The Ron Paul Flap – Short Version

One thing that has been virtually absent from the whole Ron Paul Newsletter shitstorm is the simple fact that racism per se is not incompatible with libertarianism. That fact, brought to light when the newsletters were publicized, would have short-circuited weeks of yelling by both sides. So why hasn’t anyone prominent in the debate taken notice of it? The answer is that the public outrage to such a defense would be enormous.

Neither side in the newsletter flap cares to discuss this, because doing so would be very unpopular. Both sides would rather avoid unpopular truth – it’s of no use to them.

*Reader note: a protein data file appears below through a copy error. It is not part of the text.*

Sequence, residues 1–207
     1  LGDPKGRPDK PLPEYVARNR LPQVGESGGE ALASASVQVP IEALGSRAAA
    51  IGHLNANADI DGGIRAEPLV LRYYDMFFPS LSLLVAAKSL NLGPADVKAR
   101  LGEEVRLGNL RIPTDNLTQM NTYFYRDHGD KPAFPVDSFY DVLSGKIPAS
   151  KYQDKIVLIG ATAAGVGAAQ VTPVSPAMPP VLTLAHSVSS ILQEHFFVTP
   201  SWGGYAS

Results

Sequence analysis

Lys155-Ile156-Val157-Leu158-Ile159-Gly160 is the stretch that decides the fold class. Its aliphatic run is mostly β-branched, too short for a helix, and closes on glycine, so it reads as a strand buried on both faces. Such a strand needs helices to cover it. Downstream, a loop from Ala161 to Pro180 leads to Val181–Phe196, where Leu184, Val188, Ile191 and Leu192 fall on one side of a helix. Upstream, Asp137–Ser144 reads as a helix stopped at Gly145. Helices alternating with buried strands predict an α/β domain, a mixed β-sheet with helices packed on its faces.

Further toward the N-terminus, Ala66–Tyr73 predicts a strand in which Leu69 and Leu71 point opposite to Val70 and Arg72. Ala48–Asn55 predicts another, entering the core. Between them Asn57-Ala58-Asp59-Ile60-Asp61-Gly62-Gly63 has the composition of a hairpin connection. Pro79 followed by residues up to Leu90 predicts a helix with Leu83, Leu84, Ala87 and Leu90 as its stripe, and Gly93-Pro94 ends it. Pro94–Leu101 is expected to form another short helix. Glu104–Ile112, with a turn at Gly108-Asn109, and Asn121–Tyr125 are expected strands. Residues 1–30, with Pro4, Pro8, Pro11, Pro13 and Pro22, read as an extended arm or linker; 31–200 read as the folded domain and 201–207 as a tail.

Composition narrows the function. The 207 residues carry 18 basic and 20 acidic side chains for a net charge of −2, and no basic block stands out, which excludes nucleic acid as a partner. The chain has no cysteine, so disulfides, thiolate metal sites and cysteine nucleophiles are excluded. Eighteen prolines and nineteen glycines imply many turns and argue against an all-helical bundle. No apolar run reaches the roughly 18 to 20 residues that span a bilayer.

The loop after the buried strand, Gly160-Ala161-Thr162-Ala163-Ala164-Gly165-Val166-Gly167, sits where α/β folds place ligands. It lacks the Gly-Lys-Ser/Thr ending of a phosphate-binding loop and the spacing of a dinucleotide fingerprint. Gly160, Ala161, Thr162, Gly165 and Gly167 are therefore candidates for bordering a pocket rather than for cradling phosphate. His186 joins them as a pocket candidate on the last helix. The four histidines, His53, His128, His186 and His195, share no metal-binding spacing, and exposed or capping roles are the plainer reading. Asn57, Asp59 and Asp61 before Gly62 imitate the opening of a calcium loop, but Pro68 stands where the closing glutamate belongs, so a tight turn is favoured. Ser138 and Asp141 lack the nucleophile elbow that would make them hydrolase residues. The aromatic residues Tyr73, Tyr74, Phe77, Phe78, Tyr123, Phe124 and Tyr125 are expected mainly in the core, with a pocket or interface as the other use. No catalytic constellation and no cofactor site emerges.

The Ron Paul flap basically boils down to two camps of liars, each of whom claims that the other is, well, …lying.

I’m slightly underwhelmed.

Rational Irrationality: A Self-Proving Theory?

No Treason has written about rational ignorance and rational irrationality before, but it’s instructive and amusing to see what happens when those concepts are presented in a forum with a more mainstream readership:

Some interesting press about a very interesting new book by Bryan Caplan, an economics professor at George Mason University: The Myth of the Rational Voter: Why Democracies Choose Bad Policies.

Have a read through the comment thread there and count the Reason Magazine weblog commenters who are doing their damndest to wish away those two concepts. You’d think that once those ideas were presented, they would pretty much spell the end of the libertarian movement.

Then again, people pay no penalty for ignoring those ideas…

Tip: Jay Jardine

Libertarians Outraged That Rain Is Wet

Or that government is abusive, you know: whichever.